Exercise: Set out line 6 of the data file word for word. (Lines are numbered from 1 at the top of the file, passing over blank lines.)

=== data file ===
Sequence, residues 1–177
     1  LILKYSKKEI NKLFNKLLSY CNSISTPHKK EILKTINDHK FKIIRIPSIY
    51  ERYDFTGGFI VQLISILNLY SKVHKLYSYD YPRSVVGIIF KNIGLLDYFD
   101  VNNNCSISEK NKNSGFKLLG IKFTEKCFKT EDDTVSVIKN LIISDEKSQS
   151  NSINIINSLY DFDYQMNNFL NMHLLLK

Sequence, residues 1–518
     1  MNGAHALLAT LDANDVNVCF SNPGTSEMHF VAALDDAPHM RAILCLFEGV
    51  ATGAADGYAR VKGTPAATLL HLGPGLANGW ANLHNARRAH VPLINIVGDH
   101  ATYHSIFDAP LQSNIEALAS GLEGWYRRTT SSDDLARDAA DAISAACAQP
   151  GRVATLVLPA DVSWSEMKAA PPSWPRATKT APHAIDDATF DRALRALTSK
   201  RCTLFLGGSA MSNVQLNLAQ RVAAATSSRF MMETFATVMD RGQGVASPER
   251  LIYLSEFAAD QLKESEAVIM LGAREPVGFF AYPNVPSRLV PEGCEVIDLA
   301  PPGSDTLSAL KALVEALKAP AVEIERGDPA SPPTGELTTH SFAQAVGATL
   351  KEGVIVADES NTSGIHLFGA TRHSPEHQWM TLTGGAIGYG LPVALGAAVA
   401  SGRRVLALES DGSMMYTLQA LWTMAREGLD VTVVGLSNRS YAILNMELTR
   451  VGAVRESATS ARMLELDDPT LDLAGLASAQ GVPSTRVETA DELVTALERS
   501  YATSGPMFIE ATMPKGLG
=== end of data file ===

Sequence, residues 1–518